Steven Jobs is best known as the co-developer with Steven Wozniak of the first widely-popular desktop computer, the Apple II in the late 1970s, and as co-founder of the Apple Computer Corporation. Jobs was raised in the San Francisco Bay Area and became interested in computers while in junior high school. He met electronic-expert Wozniak in 1971, and the two of them began their partnership by manufacturing "blue boxes," illegal electronic devices for makinglong-distance telephone calls without paying for them. After spending a period in India living in a commune, Jobs again met Wozniak. The personal computer(PC) was just being developed in the mid-1970s and Wozniak had designed one,but he was unable to interest a manufacturer. Jobs, however, immediately sawits marketing possibilities. Jobs gave it the friendly name of Apple, aimingthe machine at home users rather than computer enthusiasts, such as those inthe influential Home Brew Computer Club, of which Wozniak was a member. The"two Steves," as they were known, sold their few valuable possessions and setup their company in the Jobs family's garage. After sales success with the Apple I, Jobs quickly hired managerial and marketing experts, and cultivated venture capitalists to invest in their company. Together he and Wozniak designed an improved and even friendlier version, called the Apple II. By 1977, Apple Computer had moved to its own quarters in Cupertino, California, staffed in part by equally youthful experts. The company was a success from the beginning, earning almost $3 million that year. By the age of twenty-five, Jobs wasa multi-millionaire, and Apple Computer eventually became one of the Fortune500 largest companies. In the 1980s, Jobs took charge of developing the Apple Macintosh computer, the first personal computer to use a graphical user interface. However, the initial version was heavily criticized, and Jobs was forced out of the company. In 1986, he founded another firm, Next, Inc., to produce another innovative, though less popular, computer. In the 1990s, Jobs haschanged Next's emphasis from hardware to software. In 1997, Jobs left Next and returned to Apple as interim CEO. The interim tag was removed in 2000.)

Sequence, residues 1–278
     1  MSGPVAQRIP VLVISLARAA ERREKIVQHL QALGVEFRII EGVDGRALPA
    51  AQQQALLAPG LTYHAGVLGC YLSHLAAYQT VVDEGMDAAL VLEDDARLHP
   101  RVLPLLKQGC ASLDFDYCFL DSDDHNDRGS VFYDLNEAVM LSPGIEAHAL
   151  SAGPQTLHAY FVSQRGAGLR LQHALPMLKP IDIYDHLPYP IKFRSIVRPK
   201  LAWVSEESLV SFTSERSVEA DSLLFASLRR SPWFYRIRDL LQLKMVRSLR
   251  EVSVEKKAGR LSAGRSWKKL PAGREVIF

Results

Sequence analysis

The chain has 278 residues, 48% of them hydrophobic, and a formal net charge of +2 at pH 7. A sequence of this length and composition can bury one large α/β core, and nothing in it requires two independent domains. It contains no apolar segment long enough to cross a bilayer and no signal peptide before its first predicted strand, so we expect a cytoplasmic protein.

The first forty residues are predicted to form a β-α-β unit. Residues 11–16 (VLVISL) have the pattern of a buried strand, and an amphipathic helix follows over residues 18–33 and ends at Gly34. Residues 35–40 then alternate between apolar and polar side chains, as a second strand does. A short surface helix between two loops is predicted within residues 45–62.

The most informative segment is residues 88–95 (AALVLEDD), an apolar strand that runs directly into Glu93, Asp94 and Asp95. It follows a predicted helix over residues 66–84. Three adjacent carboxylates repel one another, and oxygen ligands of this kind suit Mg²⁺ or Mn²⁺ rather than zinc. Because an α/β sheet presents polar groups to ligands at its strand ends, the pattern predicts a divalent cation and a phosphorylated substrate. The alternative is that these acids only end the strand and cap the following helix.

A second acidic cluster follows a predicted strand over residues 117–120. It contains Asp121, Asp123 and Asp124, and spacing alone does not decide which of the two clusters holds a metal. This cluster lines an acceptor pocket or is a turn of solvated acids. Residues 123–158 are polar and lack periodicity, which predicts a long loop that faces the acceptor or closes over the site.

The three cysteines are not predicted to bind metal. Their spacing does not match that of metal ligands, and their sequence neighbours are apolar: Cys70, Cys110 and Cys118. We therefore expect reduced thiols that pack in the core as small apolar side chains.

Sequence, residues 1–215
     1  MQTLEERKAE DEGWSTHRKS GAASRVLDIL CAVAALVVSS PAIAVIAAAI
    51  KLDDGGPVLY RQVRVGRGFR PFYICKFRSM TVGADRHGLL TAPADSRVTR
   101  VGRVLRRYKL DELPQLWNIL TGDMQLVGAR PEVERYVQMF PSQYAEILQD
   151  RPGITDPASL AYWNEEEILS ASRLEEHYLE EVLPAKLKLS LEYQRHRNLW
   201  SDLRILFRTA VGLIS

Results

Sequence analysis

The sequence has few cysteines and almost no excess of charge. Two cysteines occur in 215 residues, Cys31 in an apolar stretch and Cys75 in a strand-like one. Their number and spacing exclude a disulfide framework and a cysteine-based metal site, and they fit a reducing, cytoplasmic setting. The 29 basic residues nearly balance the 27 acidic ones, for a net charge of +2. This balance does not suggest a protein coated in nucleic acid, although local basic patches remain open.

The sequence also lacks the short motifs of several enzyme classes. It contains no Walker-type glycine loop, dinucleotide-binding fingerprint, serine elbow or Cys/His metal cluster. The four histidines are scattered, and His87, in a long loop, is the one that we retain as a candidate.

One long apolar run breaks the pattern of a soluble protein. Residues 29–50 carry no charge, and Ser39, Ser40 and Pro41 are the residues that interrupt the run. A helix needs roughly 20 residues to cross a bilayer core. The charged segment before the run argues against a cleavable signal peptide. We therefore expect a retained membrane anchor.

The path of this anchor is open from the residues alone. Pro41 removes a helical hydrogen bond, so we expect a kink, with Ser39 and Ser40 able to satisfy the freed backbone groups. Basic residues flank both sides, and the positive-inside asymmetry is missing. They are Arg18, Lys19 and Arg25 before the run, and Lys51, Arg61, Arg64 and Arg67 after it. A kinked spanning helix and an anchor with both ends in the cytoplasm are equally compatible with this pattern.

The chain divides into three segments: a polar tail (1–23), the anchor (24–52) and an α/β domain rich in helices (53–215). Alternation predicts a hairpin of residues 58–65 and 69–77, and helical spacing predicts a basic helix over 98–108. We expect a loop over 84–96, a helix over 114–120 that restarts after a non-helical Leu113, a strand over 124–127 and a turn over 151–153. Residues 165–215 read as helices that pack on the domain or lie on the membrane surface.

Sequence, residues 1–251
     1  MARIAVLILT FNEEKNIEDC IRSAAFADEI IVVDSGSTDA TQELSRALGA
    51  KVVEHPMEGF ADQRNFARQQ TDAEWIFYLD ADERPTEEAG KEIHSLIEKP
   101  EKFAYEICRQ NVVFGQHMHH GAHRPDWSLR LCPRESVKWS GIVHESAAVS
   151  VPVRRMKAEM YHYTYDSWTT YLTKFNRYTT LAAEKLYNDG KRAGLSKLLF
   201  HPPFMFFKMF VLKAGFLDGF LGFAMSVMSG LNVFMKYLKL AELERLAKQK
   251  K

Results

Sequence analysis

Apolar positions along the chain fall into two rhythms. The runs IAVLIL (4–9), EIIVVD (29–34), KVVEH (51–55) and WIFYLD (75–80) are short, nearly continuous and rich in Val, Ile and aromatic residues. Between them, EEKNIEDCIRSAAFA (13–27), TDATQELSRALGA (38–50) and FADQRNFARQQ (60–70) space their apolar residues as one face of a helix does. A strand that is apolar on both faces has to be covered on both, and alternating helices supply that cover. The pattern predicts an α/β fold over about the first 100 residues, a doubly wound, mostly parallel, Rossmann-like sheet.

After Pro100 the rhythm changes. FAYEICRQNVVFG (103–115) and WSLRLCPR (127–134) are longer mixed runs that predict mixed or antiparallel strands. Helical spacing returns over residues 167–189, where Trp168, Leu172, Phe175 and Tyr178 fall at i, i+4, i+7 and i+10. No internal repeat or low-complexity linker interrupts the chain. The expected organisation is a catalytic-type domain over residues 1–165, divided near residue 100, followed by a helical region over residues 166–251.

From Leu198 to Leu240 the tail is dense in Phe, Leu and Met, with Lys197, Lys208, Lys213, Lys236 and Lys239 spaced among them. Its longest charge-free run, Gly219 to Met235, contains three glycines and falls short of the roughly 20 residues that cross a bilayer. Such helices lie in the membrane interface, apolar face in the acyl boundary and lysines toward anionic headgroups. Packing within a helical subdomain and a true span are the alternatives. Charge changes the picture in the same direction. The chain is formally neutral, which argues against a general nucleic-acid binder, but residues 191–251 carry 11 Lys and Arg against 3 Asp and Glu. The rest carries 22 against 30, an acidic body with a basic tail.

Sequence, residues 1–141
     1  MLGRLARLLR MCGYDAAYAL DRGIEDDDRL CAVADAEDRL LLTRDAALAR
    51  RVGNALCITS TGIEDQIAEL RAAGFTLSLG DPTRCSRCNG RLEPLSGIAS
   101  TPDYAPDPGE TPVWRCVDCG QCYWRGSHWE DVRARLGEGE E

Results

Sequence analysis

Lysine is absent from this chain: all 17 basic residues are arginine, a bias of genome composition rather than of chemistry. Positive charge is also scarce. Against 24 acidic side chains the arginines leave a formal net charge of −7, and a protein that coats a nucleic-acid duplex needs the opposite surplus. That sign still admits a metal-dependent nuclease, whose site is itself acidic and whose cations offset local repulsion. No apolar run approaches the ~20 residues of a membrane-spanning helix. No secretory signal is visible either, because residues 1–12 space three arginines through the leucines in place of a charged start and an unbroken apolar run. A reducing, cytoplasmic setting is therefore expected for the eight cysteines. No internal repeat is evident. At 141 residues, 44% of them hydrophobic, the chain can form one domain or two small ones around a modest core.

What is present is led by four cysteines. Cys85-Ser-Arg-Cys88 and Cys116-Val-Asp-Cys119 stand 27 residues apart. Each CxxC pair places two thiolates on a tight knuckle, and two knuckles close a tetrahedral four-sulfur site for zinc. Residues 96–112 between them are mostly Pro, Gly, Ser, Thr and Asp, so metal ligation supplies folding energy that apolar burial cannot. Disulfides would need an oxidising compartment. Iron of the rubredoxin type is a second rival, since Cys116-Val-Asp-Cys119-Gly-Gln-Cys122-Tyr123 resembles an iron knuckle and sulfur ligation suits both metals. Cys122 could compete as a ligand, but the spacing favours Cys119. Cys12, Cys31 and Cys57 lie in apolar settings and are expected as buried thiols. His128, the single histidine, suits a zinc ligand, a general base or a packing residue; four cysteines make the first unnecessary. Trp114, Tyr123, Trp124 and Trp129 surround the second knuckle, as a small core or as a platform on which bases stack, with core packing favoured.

Jobs presented Apple's iBook at the Mac World convention in July 1999. The iBook was a clam-shaped laptop that was available in bright colors and includedApple's AirPort technology. AirPort is a computer version of the cordless phone that allows the user to surf the Web wirelessly. Following his success with the stand-alone version of the iBook, the iMac, and later the G3 and G4 PowerMacs, which addressed the needs of the publishing and multimedia markets long dominated by the Macintosh, Jobs brought out a movie-making application,iMovie, that allowed non-experts to make their own home videos. Next came theiPod, in 2001, a portable digital music player. The original iPod held 1000songs and had a battery life of about 10 hours. Popular with consumers, the iPod dominated the market, though other computer companies introduced similarproducts. Apple followed the iPod with iTunes, which allowed novices to burntheir own CDs and download music from the Internet straight to their PC or iPod. Another innovative Apple product was an application that allowed users tomake their own DVD discs at home. In addition to acting as the long-standinginterim CEO of Apple, Jobs is also chairman of Pixar Animation Studios, which he co-founded in 1986. Pixar made the phenomenally successful films ToyStory, Toy Story 2, A Bug's Life, Monsters, Inc., Finding Nemo, and The Incredibles, which Disney distributed. (Thedistribution agreement with Disney was to end after the release of Cars in 2005 or 2006.)
As the PC market slowed down, and many of his competitors were already lamenting the death of the PC, Jobs remained ebullient about its future. In 2001, he was instead prophesying about the coming age of the digital lifestyle, in which the computer would serve as the hub of a vast array of home appliances."The personal computer has the power and the memory to do the things that allthe devices we are beginning to use will not be able to do. The software will be the glue holding it all together," Jobs told Garry Barker of theage.com.au.
April 18, 2005: Jobs was named to the Time 100, the magazine'slist of the world's 100 most influential people. The 2005 list honors men andwomen whose power, talent, or moral example is transforming the world. Source: Time, April 18, 2005.March 14, 2006: Apple Computer reported that Jobs was paid $1 in totalcompensation in 2005. Source: Forbes, www.forbes.com/2006/03/14/jobs-apple-salary-cx_gl_0314autofacescan10.html, March 15, 2006.